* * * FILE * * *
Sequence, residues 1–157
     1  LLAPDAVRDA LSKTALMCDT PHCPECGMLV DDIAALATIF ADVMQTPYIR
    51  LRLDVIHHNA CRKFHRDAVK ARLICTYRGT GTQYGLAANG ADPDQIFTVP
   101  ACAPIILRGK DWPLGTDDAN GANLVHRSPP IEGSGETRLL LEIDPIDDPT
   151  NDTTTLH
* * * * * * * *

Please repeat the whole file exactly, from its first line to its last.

Sequence, residues 1–157
     1  LLAPDAVRDA LSKTALMCDT PHCPECGMLV DDIAALATIF ADVMQTPYIR
    51  LRLDVIHHNA CRKFHRDAVK ARLICTYRGT GTQYGLAANG ADPDQIFTVP
   101  ACAPIILRGK DWPLGTDDAN GANLVHRSPP IEGSGETRLL LEIDPIDDPT
   151  NDTTTLH